Silk Scarf Dyeing


Here’s a quick tutorial I put together on my recently learned method of dyeing silk chiffon scarves. –


Start by unwrapping the scarves. Mine came in these little plastic bags. (I got them from Dharma Trading Company. Nice stuff, good prices.)


Next, fill up a large pot with water. This is to wash it in Synthrapol (or the cheaper knock-off brand I was using), so give it plenty of room to swish around in the water. The chemical bottle suggested doing this in the washing machine, but I didn’t want to toss just two scarves in there by themselves.
Add the synthrapol (or cheap knock off) into the water, using your own common sense and the recipe on the bottle, if all else fails.

Then, lower the lovely soft swishy stuff into the water. Put on gloves and swish the swishy stuff in the wet stuff. I may be notorious for not following the exact directions, but I do wear gloves when possible. I’m attached to my hands, and I’d like them to last for several more years.

Next, fish out the scarves and rinse them silly. (Nicely, of course.) I put them in a clean colander and gave them the works. Then I put them in another, smaller pot of water to sit and soak until the next morning.

At that point I am afraid I stopped taking pictures. I will be remedying this in the near future.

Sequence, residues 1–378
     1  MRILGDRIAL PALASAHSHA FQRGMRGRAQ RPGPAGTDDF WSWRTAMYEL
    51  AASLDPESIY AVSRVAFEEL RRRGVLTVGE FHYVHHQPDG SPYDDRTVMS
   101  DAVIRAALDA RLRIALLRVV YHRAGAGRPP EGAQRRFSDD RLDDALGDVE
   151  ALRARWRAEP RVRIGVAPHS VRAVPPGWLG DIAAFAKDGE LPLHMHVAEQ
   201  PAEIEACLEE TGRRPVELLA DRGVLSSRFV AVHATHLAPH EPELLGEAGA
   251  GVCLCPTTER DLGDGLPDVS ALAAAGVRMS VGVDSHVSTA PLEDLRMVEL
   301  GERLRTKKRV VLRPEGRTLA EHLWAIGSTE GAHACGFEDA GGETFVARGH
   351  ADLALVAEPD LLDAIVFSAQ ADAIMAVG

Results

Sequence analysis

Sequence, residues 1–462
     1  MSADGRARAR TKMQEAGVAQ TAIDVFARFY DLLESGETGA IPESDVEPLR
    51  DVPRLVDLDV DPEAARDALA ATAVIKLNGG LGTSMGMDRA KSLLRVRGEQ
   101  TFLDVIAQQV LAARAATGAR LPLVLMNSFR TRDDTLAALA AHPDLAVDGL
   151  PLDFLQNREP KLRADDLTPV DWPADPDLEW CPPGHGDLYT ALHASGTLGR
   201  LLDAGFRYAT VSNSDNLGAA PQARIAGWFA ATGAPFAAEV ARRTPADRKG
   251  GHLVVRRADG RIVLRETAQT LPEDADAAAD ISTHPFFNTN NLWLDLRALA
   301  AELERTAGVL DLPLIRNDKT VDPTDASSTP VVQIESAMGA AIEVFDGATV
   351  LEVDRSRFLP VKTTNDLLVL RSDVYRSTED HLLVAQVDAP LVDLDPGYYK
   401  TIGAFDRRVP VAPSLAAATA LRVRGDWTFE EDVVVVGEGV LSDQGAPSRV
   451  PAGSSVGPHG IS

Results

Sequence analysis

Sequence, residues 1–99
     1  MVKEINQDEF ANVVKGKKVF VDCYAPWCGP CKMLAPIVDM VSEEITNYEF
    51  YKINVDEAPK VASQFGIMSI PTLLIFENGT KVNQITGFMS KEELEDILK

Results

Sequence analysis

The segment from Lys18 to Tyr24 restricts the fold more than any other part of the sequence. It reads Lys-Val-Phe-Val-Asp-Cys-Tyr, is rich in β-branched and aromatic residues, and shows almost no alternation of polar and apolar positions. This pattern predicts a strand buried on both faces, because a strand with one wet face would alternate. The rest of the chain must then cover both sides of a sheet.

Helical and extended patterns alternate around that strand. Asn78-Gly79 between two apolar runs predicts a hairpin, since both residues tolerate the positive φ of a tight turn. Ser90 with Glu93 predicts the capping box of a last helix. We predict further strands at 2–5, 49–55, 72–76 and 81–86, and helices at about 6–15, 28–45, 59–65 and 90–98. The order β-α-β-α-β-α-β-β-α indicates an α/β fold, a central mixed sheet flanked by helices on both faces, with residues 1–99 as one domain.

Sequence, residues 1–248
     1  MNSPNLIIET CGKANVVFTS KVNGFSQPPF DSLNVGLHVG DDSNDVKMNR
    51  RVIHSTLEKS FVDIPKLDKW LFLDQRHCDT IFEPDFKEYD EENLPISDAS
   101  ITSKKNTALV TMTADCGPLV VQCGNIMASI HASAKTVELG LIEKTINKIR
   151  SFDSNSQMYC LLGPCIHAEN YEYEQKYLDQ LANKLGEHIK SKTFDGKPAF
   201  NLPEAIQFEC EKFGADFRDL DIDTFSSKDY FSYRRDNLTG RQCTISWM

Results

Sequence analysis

For one scarf, I wrapped it around an empty glass bottle and poured dyes directly onto it. (Following this video tutorial here. And it’s a nice one.) I then set the bottle-wrapped-in-a-scarf into a large pot of water. I kept the bottle standing upright so the scarf wouldn’t get too hot against the bottom of the pot. If you’re doing this, put some water into the inside o the bottle too, or it’ll float.

I then simmered it with some vinegar until the water around the scarf was pretty clear. (No dye left swimming about.) Then I pulled it out, gave it a minute to cool off, and unwrapped it. A quick rinse in luke warm / coolish water, a hang up to dry, and I got the gorgeous watercolor-y scarf you see at the top of this post.

Now, for the second scarf, I used a different technique that is very similar to tie-dyeing. I crumpled the scarf up, then tied it very tightly in five places using a cotton thread. The whole kaboodle went for a swim in a pot full of deep burgundy-cranberry dye and some vinegar. I stirred it every so often, and let it simmer until the dye was almost all gone, and the scarf was a nice deep tone.

Out it came, another rinse, the ties came off, and here we have it!


The beauty of dyeing the chiffon scarves is that they dry really quickly. It was no more than a few hours before they were wearable. I’m going to be experimenting more with this over the next couple of weeks. (I’ve got eight more scarves to play with, yay!) And some of the scarves are of different weights and types. So between that and all the different methods I want to try, prepare for a scarf-filled December! Now to find a ton of people who want silk scarves for a New Year’s present. . .

One Response to Silk Scarf Dyeing
  1. Rebekah
    December 23, 2011 | 11:14 pm

    And here’s a later post exploring another silk scarf dyeing technique –

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